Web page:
Summit resident Lasse Konecny reflects on mountain bike season-opener in Puerto Rico | SummitDaily.com

Summit resident Lasse Konecny reflects on mountain bike season-opener in Puerto Rico

Fellow Summit locals Tai-Lee Smith, Opal Koning race on island, as well

Summit resident Lasse Konecny, 16, races in a Union Cycliste Internationale junior series mountain bike event in Puerto Rico last week.
Courtesy Thomas Konecny

FRISCO — Lasse Konecny says it’s kind of like a Peloton on steroids.

What the Summit County 16-year-old Konecny is referring to is Zwift. It’s his stationary bike and software program that he’s been using through the winter in Summit County to conduct cycling training for his budding mountain bike career despite the snow mounds outside his window. The software and stationary bike uses electronic resistance to allow for Konecny to simulate certain races and terrain, all from the comfort of his Breckenridge home.

“I ride on that constantly,” Konecny said. “It’s the first year I’ve been doing it. It engages you as a rider. There are a lot of course profiles you can do and ride: climbing, flats, tours, even stage races.”

Konecny, an accomplished youth Nordic skier and mountain biker, pivoted full time to mountain biking in December. With his eyes on qualifying for the Union Cycliste Internationale Junior World Championships this summer or next, the 16-year-old has joined the Park City-based Rouler Development team to advance his mountain biking career.

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Most recently, that career brought Konecny and fellow Summit County mountain bikers Tai-Lee Smith and Opal Koning to their first mountain bike races of the 2020 season last week in Puerto Rico. The event, the Union Cycliste Internationale Junior Series’ Puerto Rico Mountain Bike Cup, consisted of races in Salinas and Rincon, Puerto Rico. It was on the soggy, rainforest-like trails in Rincon where the Summit locals raced best, with Konecny finishing in 15th place of the male junior racers who completed five laps and his good friend Riley Amos of Durango posting the fastest time. Smith was the fourth-fastest junior female who completed four laps in Rincon while Koning finished three laps on the muddy jungle course that Konecny said was not comparable to anything mountain bikers ride in Summit County.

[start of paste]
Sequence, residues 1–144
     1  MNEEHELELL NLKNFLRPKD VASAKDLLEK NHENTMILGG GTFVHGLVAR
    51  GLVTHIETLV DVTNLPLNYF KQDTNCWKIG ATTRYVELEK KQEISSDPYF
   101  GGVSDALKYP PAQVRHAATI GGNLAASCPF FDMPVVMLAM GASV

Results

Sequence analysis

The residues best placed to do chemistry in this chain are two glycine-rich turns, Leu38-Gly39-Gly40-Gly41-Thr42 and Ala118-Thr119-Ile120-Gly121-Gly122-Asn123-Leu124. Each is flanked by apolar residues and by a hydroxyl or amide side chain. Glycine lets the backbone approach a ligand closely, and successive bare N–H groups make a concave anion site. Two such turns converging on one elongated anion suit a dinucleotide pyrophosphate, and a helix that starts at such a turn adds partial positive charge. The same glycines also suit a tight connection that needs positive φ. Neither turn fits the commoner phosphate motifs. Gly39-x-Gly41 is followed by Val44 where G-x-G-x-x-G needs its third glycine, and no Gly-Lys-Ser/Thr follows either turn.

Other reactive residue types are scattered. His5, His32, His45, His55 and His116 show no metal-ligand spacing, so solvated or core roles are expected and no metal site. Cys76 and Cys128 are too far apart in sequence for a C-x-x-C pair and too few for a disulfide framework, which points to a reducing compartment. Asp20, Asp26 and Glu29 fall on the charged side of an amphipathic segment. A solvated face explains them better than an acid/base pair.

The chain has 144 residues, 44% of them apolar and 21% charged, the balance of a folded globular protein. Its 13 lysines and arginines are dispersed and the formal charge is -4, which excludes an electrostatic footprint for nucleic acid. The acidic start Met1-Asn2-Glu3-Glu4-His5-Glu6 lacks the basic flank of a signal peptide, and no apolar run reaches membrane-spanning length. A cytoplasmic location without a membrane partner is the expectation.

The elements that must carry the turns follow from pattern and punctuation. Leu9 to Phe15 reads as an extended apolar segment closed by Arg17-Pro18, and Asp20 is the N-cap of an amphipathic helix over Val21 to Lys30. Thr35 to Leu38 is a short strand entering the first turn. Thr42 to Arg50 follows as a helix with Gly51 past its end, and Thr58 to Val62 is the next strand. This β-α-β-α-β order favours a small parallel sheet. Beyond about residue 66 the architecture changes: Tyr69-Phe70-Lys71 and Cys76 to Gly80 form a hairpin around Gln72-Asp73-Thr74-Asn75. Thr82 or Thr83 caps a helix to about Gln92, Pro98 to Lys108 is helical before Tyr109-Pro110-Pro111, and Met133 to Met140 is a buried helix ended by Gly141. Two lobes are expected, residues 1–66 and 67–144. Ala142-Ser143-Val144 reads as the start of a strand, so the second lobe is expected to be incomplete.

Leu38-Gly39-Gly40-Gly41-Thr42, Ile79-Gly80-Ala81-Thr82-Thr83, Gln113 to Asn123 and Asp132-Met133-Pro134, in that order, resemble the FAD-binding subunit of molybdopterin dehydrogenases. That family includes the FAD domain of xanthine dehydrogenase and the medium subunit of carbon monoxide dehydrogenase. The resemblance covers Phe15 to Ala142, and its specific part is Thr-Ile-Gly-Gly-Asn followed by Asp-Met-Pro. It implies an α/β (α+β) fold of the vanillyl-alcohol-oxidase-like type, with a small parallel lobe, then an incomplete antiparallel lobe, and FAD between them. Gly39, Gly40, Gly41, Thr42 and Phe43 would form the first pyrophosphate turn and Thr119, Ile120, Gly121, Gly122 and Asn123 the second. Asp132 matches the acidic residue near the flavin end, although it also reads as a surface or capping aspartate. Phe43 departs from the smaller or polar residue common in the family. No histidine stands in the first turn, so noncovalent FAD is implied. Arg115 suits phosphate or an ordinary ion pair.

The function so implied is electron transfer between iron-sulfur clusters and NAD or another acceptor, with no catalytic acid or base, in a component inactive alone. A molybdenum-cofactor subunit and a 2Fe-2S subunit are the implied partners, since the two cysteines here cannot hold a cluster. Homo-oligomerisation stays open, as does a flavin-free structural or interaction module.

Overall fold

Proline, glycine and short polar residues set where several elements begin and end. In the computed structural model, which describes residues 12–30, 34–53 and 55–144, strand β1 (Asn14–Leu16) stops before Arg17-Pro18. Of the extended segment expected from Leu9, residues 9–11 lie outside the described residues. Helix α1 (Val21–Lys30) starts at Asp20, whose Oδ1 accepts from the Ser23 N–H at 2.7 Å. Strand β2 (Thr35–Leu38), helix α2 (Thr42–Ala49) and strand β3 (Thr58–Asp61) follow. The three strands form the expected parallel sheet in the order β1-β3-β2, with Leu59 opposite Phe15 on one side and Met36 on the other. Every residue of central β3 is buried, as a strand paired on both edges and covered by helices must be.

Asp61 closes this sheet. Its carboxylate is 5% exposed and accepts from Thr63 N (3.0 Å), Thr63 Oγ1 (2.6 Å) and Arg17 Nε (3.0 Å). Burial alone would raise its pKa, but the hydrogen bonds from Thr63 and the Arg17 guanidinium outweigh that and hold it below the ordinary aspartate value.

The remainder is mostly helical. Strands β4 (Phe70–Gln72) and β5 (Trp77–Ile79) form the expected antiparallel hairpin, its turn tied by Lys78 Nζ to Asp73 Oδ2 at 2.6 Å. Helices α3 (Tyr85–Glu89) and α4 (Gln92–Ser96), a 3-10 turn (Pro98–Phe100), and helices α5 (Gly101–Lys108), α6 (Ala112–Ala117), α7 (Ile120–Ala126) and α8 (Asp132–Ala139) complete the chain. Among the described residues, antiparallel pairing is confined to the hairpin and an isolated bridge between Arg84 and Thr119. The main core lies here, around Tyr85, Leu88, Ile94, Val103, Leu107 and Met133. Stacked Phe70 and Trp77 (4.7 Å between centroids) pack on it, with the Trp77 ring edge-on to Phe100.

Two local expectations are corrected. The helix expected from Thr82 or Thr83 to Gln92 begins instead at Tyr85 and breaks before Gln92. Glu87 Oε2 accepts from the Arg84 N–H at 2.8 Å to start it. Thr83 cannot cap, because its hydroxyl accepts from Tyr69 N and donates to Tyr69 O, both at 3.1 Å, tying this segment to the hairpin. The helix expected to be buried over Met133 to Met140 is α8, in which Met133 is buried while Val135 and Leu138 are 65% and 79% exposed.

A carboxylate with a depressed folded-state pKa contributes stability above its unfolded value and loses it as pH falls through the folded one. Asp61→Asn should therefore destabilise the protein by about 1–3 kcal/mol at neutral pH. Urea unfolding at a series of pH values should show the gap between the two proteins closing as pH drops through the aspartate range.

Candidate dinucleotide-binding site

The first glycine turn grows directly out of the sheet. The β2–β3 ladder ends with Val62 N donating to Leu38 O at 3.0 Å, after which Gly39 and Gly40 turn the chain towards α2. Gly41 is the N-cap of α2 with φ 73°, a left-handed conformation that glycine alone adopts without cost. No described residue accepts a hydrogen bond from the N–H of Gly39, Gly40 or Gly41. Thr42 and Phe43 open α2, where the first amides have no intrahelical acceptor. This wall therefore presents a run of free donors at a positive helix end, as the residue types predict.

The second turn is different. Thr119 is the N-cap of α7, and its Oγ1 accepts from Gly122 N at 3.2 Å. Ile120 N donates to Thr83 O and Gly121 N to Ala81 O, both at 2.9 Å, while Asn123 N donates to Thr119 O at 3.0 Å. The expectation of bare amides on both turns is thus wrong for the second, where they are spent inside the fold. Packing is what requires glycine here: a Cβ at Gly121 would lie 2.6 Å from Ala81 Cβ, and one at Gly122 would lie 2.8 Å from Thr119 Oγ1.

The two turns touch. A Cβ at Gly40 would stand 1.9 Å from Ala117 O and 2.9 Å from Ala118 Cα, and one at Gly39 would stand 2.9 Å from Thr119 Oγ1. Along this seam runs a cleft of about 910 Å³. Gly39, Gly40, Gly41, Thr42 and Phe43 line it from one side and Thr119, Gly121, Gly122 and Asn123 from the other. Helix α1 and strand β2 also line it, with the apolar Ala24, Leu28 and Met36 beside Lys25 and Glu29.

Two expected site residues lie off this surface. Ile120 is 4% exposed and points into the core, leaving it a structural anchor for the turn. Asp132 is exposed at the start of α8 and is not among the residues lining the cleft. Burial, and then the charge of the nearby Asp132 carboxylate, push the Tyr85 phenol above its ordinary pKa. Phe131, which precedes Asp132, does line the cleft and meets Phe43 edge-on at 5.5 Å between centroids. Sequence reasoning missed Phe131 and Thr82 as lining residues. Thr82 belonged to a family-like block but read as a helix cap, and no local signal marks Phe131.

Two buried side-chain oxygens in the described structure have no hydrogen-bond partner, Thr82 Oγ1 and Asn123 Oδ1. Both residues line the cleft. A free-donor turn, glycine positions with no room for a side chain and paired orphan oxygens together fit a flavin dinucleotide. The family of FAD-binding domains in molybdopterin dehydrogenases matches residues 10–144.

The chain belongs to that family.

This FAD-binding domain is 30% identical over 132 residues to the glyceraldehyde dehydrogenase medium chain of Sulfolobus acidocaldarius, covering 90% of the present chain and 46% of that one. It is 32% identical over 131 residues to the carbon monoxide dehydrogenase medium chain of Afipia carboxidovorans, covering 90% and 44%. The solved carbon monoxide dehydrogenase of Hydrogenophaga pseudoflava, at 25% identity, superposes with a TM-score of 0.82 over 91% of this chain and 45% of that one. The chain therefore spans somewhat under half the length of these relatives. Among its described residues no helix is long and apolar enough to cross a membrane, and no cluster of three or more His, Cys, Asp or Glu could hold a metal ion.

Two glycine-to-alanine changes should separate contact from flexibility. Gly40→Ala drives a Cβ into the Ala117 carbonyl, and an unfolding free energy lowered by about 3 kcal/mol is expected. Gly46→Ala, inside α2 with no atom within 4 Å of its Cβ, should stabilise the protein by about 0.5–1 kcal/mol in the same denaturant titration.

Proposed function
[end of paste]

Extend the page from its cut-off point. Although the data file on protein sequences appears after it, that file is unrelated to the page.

“The trails there are very technical,” Konecny said. “Salinas, the first race, was more of a desert race while the second race in Rincon was more tropical with roots and mud. It’s quite a diverse setting with trails and such. The race in Salinas is easily comparable to Grand Junction with having short climbs, steep and punchy climbs and technical rocky descents. In Rincon, since it rained the night before, it was muggy.

“You could feel the humidity,” Konecny continued. “The mud was something. You’d ride your bike and slide everywhere. It was a challenge to stay on your bike, keep the bike clean. The mud wouldn’t stick to your tires or shoot up into your face, and the mud in Puerto Rico was tacky, sticking to your tires, helmet, glasses, handlebar, seat, everything.”

Though he said the decision to leave Nordic skiing behind was difficult, Konecny has embraced the step up in competition that has been the Union Cycliste Internationale juniors circuit. He’s off to California later this month for another elite junior race. On the lower end of the age range in the junior division, Konecny embraces the challenge that is racing against the world’s top competition, who are a year or more older in some cases.

Summit County residents Lasse Konecny, from right, and Tai-Lee Smith pose for a picture with mountain bike friends Kate and Ried Indart in Puerto Rico last week.
Courtesy Thomas Konecny

To help him maintain his athleticism and endurance throughout the season, Konecny still works regularly with Summit County resident, Olympian and coach Jim Galanes. For the past couple of years, Galanes’ inventive approach to Konecny’s athletic potential and endurance has helped the teen to consistently race at and near his best on the cross-country ski and mountain bike trails. He now ranks as one of the country’s 10 best mountain bikers for his age group, and he’s set to race in elite junior races in California, Canada, Wisconsin and Montana before the season ends. Later in summer, he’s considering racing in the Breck Epic.

“I’ve been determined to hit the gym,” Konecny said. “I’ve been working on core, legs, a little bit of upper body. Being all-around strong is important for any sport, but I’ve learned it’s more just specifically about enjoying yourself riding, playing on the bike, trying new lines, pushing yourself and trying new things. It’s about trying to make you and the trail work together. It’s about really enjoying yourself when riding, not putting pressure, relaxing and learn how the bike rides and learning how you ride the bike.”

Long term, Konecny has his sights set on the 2022 Summer Youth Olympics in Dakar, Senegal, and then at some point in the future something even bigger.

“Ultimately,” he said, “the goal I will try to attack is making it to the Olympics.”

Summit County resident Lasse Konecny cycles on his bike during last weekend’s Union Cycliste Internationale elite junior mountain bike race in Puerto Rico.
Courtesy Thomas Konecny

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